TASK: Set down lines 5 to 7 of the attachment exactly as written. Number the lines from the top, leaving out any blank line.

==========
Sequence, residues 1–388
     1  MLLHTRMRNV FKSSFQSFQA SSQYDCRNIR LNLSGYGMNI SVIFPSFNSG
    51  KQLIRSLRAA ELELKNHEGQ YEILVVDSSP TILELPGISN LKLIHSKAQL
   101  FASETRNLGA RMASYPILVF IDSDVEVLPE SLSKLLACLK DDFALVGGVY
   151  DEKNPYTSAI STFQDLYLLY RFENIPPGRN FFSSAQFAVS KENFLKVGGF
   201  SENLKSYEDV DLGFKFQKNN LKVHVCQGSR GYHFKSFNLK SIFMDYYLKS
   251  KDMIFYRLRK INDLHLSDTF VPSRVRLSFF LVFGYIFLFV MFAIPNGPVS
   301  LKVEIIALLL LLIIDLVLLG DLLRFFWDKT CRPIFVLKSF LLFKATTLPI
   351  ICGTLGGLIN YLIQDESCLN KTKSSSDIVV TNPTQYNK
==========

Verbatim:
   151  DEKNPYTSAI STFQDLYLLY RFENIPPGRN FFSSAQFAVS KENFLKVGGF
   201  SENLKSYEDV DLGFKFQKNN LKVHVCQGSR GYHFKSFNLK SIFMDYYLKS
   251  KDMIFYRLRK INDLHLSDTF VPSRVRLSFF LVFGYIFLFV MFAIPNGPVS